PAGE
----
lnu.sePublications
Change search
CiteExportLink to record
Permanent link

Direct link
Cite
Citation style
  • apa
  • harvard1
  • ieee
  • modern-language-association-8th-edition
  • vancouver
  • Other style
More styles
Language
  • de-DE
  • en-GB
  • en-US
  • fi-FI
  • nn-NO
  • nn-NB
  • sv-SE
  • Other locale
More languages
Output format
  • html
  • text
  • asciidoc
  • rtf
Exploring curriculum change using discursive institutionalism: methodological considerations
Linnaeus University, Faculty of Social Sciences, Department of pedagogy. (Linnaeus-SITE)ORCID iD: 0000-0002-8503-2655
Linnaeus University, Faculty of Social Sciences, Department of Education. (Linnaeus-SITE)
2017 (English)Conference paper, Oral presentation only (Refereed)
Abstract [en]

The question of what drives curriculum change has for decades been an issue among educational scholars working in the field of curriculum theory (CT). Due to the globalisation of the curriculum field (cf. Andersson-Levitt, 2008), issues of how to address, understand and explain the role of transnational forces and actors as drivers of change have become central to the field (Nordin & Sundberg, 2014). As a result of this ’transnational turn’ it is necessary for scholars in the field of curriculum studies to reinvent their analytical tools (cf. Young, 2013; Deng, 2015) in order to be able to analyse curriculum-making as a complex and multi-layered practise taking place in a complex interplay between transnational, national as well as local arenas and a diversity of endogenous and exogenous forces and determinants. In response to this expressed need for scholars working in the field of CT to reinvent their analytical tools (cf. Deng, 2015) the aim of this article is to turn to discourse-institutionalism (DI) developed by Vivien Schmidt (2008, 2010, 2011, 2016) in order to examine its methodological potential and to develop an analytical framework for analysing curriculum change in the light of the ‘transnational turn’ within CT. We make use of Schmidt´s distinction between a coordinative and a communicative policy discourse. Somewhat simplified the coordinative discourse refers to the interaction among different kinds of policy elites while the communicative discourse refers to the interaction between these elites and the public. Furthermore, we make use of Schmidt’s stratified understanding of ideas at different policy levels, from philosophical ideas that are very stable over time, to programmatic ideas that changes somewhat easier to policy ideas who can change rapidly in order to capture the transformation of ideas travelling between different arenas and used by different actors. The different kinds of ideas we relate to the five different categories arenas (where?), actors (who?), content (what?), language (how?) and legitimation (why?). Combining these different categories facilitates a coherent analysis of curriculum change as simultaneously content and discursive interaction between different policy actors at different policy levels. Ongoing research on the most recent Swedish curriculum reform, Lgr 11 is used to provide empirical illustrations of how the framework and its concepts can be used for theoretical analyses and methodological designs especially focusing travelling curriculum policies on ‘competencies’.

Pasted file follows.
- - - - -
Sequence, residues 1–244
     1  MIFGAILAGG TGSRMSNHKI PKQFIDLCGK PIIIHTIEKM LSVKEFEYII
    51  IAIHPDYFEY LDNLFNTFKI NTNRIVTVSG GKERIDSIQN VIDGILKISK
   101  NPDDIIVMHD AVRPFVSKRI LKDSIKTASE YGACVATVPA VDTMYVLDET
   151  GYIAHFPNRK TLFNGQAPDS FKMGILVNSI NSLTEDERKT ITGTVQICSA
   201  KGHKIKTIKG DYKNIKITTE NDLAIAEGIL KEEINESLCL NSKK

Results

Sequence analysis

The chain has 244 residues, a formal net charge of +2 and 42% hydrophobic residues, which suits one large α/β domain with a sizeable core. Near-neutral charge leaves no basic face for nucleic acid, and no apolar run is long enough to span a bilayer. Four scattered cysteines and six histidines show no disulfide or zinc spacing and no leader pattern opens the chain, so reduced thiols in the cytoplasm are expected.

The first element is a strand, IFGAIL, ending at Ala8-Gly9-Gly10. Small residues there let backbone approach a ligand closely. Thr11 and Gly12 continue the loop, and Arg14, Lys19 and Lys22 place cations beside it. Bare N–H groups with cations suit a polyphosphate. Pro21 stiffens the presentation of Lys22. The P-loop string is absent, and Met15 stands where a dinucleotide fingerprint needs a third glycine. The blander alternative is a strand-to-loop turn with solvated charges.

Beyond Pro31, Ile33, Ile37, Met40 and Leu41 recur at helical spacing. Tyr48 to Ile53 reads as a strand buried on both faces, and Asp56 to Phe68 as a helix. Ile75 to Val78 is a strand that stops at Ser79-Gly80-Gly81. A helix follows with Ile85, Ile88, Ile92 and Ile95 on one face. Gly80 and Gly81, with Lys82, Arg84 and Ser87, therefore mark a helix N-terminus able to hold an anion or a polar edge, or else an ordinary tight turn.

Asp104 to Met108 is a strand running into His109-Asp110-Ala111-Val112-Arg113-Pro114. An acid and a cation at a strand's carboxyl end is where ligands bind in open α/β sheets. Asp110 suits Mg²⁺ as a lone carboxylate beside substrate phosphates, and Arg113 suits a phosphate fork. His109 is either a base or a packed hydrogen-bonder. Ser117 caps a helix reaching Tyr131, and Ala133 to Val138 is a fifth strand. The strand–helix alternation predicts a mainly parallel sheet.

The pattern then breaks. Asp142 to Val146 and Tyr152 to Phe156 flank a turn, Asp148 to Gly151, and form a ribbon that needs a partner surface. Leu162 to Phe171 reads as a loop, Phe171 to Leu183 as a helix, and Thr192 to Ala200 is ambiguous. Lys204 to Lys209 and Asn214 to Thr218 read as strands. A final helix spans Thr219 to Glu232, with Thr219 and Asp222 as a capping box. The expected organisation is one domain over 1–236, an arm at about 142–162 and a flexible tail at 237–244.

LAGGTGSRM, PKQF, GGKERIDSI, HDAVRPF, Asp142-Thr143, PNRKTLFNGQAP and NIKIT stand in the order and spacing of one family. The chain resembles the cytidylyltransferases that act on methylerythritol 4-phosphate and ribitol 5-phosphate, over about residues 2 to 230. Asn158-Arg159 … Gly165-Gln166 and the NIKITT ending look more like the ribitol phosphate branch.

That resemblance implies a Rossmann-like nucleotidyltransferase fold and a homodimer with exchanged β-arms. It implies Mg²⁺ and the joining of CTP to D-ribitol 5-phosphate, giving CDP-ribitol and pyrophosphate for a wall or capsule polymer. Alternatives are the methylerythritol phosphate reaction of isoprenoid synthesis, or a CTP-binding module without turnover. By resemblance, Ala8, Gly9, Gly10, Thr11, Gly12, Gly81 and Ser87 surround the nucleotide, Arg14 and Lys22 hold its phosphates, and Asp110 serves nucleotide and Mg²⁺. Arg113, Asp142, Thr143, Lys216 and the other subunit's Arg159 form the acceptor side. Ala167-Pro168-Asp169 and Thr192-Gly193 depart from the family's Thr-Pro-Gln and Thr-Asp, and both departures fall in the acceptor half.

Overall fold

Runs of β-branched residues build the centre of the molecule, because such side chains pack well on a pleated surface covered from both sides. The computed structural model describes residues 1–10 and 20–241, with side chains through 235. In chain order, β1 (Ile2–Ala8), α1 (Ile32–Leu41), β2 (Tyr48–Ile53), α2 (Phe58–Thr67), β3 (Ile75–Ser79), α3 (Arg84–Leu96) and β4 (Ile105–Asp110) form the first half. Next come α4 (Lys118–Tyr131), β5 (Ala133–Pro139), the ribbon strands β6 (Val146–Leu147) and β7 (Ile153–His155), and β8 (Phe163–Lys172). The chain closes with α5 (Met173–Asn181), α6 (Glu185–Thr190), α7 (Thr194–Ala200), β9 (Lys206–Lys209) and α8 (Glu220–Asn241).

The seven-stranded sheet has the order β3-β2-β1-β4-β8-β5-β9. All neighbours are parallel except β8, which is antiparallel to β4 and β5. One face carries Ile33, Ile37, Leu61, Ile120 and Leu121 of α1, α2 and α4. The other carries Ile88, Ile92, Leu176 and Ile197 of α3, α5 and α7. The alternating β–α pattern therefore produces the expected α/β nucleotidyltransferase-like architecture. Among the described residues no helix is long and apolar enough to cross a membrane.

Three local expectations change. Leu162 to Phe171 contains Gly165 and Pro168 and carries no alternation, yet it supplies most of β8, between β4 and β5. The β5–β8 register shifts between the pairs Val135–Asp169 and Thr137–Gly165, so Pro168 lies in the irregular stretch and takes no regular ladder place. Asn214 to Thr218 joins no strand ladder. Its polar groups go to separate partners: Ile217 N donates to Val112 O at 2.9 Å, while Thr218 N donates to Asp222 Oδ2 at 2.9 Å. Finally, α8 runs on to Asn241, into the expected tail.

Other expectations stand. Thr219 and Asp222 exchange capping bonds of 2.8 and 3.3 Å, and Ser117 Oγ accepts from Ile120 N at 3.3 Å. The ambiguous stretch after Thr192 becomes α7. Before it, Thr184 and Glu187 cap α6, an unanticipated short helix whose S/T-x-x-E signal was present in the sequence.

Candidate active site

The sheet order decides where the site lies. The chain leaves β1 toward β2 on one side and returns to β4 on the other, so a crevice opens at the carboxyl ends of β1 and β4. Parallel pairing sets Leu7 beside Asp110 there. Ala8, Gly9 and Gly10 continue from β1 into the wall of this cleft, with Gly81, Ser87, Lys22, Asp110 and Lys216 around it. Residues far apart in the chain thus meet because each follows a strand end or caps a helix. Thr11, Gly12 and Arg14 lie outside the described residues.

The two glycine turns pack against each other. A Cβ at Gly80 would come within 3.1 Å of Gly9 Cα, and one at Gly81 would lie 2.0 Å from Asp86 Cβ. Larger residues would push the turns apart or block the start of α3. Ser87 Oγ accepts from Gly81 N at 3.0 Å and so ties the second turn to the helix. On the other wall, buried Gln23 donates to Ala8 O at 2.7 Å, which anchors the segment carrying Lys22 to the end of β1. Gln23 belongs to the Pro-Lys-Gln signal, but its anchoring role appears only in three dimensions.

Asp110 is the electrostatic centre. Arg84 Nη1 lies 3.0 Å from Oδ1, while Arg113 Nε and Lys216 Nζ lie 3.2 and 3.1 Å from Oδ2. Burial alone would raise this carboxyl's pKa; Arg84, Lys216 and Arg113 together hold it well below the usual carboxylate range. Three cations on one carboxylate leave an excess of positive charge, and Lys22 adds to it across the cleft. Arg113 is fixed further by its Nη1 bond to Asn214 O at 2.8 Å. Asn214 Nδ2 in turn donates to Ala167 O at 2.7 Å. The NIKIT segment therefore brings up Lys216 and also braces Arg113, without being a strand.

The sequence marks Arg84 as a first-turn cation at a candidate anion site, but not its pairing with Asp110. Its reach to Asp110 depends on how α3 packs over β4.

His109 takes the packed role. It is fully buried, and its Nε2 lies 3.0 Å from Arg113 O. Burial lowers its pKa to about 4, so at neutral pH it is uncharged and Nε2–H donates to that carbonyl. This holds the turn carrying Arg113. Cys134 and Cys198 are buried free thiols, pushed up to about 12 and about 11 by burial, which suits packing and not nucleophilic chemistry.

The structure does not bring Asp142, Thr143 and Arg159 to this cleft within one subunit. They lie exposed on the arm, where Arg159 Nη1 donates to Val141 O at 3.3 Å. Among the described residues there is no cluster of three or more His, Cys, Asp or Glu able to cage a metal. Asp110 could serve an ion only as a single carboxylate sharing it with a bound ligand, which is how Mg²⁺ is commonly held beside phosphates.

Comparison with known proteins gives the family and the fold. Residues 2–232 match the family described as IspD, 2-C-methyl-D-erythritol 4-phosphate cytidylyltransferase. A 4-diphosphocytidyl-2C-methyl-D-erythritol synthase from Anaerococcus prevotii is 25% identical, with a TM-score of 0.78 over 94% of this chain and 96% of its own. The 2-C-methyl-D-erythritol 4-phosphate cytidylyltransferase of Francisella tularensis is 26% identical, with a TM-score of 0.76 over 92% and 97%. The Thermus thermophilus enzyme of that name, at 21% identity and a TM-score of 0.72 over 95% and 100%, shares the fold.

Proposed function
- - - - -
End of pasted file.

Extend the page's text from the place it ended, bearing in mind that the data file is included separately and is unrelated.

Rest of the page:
Place, publisher, year, edition, pages
2017.
National Category
Pedagogy
Research subject
Pedagogics and Educational Sciences
Identifiers
URN: urn:nbn:se:lnu:diva-67442OAI: oai:DiVA.org:lnu-67442DiVA: diva2:1136232
Conference
ECER
Available from: 2017-08-26 Created: 2017-08-26 Last updated: 2017-08-26

Open Access in DiVA

No full text

Search in DiVA

By author/editor
Nordin, Andreas
By organisation
Department of pedagogyDepartment of Education
Pedagogy

Search outside of DiVA

GoogleGoogle Scholar

Total: 30 hits
CiteExportLink to record
Permanent link

Direct link
Cite
Citation style
  • apa
  • harvard1
  • ieee
  • modern-language-association-8th-edition
  • vancouver
  • Other style
More styles
Language
  • de-DE
  • en-GB
  • en-US
  • fi-FI
  • nn-NO
  • nn-NB
  • sv-SE
  • Other locale
More languages
Output format
  • html
  • text
  • asciidoc
  • rtf